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Tribe v. Fleming

United States District Court, D. South Dakota, Western Division

December 15, 2016

OGLALA SIOUX TRIBE and ROSEBUD SIOUX TRIBE, as parens patriae, to protect the rights of their tribal members; MADONNA PAPPAN, and LISA YOUNG, individually and on behalf of all other persons similarly situated, Plaintiffs,
v.
LISA FLEMING; MARK VARGO; HONORABLE CRAIG PFEIFLE; and LYNNE A. VALENTI, in their official capacities, Defendants.

          DECLARATORY JUDGMENT

          JEFFREY L. VIKEN CHIEF JUDGE

         Incorporating the order of March 30, 2015 (Docket 150), the order of February 19, 2016 (Docket 217), and the court's orders of December 15, 2016, (Dockets 301 and 302), for good cause shown and pursuant to the court's inherent equitable authority, the court enters the following declaratory judgment.

         IT IS ORDERED, ADJUDGED AND DECREED that pursuant to the Indian Child Welfare Act[1] and the Due Process Clause of the Fourteenth Amendment, the following rights exist for the benefit of Indian children, parents, custodians and tribes in 48-hour hearings[2] and all subsequent emergency proceedings:[3]

         THE RIGHT TO ADEQUATE NOTICE

         1. The ICWA affidavit must state with sufficient detail the facts[4] which justify the emergency removal of an Indian child[5] from its parent or custodian and the facts which warrant the continued separation of a child from its parent or custodian to "prevent imminent physical damage or harm to the child;"[6]

         2. The petition for temporary custody ("petition") must:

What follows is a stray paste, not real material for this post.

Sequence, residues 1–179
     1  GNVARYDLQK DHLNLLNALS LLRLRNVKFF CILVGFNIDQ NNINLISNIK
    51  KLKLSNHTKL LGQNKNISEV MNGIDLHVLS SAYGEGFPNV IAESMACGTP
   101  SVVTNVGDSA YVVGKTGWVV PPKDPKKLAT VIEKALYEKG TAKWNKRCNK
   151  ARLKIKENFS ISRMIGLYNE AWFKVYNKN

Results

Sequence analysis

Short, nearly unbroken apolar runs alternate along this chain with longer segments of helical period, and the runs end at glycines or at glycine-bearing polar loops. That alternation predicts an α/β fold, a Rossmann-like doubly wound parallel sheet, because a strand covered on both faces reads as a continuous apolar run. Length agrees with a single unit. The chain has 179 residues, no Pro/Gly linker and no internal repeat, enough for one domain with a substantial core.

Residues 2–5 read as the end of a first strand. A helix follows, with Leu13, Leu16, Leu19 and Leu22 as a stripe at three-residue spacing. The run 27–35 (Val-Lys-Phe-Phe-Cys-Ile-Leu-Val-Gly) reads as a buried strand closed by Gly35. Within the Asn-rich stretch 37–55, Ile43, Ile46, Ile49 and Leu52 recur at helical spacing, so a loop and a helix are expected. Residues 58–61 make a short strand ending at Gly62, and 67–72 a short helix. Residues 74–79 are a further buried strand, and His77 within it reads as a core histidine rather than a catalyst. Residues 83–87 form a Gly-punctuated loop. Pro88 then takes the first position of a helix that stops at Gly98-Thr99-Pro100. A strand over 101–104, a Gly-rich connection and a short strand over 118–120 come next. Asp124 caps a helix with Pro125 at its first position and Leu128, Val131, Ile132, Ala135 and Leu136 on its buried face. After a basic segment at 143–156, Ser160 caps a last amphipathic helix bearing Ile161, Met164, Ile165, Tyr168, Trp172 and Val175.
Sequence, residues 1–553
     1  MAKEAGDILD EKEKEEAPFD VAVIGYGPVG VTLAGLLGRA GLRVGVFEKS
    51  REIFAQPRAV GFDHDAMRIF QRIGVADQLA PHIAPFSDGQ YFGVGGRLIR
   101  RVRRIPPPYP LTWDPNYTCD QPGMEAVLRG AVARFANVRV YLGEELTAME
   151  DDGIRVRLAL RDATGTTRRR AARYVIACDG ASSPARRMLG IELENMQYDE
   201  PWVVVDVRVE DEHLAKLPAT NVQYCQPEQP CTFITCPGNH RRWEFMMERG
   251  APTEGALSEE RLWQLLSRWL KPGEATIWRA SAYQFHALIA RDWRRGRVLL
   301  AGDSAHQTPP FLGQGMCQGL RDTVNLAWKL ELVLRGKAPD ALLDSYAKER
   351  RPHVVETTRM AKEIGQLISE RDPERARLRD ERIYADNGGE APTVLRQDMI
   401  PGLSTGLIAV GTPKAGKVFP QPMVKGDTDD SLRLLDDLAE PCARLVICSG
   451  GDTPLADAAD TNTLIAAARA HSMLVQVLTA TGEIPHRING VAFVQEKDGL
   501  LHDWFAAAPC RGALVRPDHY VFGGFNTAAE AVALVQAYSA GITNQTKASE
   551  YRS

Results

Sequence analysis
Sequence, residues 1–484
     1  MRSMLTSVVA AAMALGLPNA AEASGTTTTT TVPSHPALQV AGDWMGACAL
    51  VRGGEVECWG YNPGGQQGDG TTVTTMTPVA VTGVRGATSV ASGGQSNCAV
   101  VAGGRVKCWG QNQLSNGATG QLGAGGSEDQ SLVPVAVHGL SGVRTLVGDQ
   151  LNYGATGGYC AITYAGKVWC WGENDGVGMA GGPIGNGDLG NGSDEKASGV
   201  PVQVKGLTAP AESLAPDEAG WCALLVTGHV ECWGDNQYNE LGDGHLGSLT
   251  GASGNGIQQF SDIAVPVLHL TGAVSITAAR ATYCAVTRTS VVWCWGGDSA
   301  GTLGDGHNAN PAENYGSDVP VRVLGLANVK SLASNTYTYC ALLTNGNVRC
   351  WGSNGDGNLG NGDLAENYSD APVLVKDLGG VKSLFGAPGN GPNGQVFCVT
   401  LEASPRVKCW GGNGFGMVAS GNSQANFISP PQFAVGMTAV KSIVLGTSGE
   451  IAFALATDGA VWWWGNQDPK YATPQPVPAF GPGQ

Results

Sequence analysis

a. state what documents, if any, are incorporated by reference and copies of all incorporated documents[7] must be attached to the petition;

         b. describe that the purpose of the petition is to seek continued temporary custody of a child with the South Dakota Department of Social Services ("DSS");

         c. advise that the State has the burden to prove by a preponderance of the evidence that continued removal is necessary to prevent imminent physical damage or harm to the child;

         d. advise the parent or custodian of the possible immediate and ultimate consequences of the proceeding;

         e. advise the parent or custodian of the right to request that the state proceedings be transferred to tribal court;[8]

         f. advise that if the parent or custodian is indigent, the court will appoint counsel and will grant a continuance, not to exceed 24 hours, to enable counsel to become familiar with the facts of the case and confer with the parent or custodian;[9] and

         g. state that the parent or custodian and their attorney have the fllowing rights at the 48-hour hearing:

1. to contest the allegations in the petition;
2. to require the State to present evidence in support of the petition;
3. to cross-examine the State's witnesses and the preparers of any documents ...

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